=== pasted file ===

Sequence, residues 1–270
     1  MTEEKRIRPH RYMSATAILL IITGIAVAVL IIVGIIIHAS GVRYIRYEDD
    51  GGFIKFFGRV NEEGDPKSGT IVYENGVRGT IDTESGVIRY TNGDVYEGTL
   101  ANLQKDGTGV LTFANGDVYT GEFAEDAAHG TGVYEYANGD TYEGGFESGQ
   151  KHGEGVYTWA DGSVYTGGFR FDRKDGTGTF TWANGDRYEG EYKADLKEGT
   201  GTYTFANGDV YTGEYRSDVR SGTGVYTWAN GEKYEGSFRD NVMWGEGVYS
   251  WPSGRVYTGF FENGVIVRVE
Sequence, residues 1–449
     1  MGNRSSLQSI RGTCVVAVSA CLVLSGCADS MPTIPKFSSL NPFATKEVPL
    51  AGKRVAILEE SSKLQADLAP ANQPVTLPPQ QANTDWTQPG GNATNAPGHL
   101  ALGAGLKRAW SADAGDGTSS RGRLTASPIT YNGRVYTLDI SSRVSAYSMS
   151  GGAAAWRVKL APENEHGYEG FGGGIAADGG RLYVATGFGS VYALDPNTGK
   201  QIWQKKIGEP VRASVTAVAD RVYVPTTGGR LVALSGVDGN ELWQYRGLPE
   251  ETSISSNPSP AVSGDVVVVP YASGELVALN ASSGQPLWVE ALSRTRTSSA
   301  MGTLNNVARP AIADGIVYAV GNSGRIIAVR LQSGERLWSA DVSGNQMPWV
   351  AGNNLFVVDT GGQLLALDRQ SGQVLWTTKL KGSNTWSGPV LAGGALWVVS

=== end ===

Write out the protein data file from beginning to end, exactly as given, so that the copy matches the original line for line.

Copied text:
Sequence, residues 1–270
     1  MTEEKRIRPH RYMSATAILL IITGIAVAVL IIVGIIIHAS GVRYIRYEDD
    51  GGFIKFFGRV NEEGDPKSGT IVYENGVRGT IDTESGVIRY TNGDVYEGTL
   101  ANLQKDGTGV LTFANGDVYT GEFAEDAAHG TGVYEYANGD TYEGGFESGQ
   151  KHGEGVYTWA DGSVYTGGFR FDRKDGTGTF TWANGDRYEG EYKADLKEGT
   201  GTYTFANGDV YTGEYRSDVR SGTGVYTWAN GEKYEGSFRD NVMWGEGVYS
   251  WPSGRVYTGF FENGVIVRVE
Sequence, residues 1–449
     1  MGNRSSLQSI RGTCVVAVSA CLVLSGCADS MPTIPKFSSL NPFATKEVPL
    51  AGKRVAILEE SSKLQADLAP ANQPVTLPPQ QANTDWTQPG GNATNAPGHL
   101  ALGAGLKRAW SADAGDGTSS RGRLTASPIT YNGRVYTLDI SSRVSAYSMS
   151  GGAAAWRVKL APENEHGYEG FGGGIAADGG RLYVATGFGS VYALDPNTGK
   201  QIWQKKIGEP VRASVTAVAD RVYVPTTGGR LVALSGVDGN ELWQYRGLPE
   251  ETSISSNPSP AVSGDVVVVP YASGELVALN ASSGQPLWVE ALSRTRTSSA
   301  MGTLNNVARP AIADGIVYAV GNSGRIIAVR LQSGERLWSA DVSGNQMPWV
   351  AGNNLFVVDT GGQLLALDRQ SGQVLWTTKL KGSNTWSGPV LAGGALWVVS